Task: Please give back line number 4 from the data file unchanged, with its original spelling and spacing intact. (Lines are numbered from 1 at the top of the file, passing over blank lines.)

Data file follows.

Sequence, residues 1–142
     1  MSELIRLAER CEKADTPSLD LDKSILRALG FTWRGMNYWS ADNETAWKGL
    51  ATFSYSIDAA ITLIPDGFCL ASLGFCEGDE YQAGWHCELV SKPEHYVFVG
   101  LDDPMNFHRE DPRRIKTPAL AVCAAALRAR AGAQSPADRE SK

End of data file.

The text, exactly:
   101  LDDPMNFHRE DPRRIKTPAL AVCAAALRAR AGAQSPADRE SK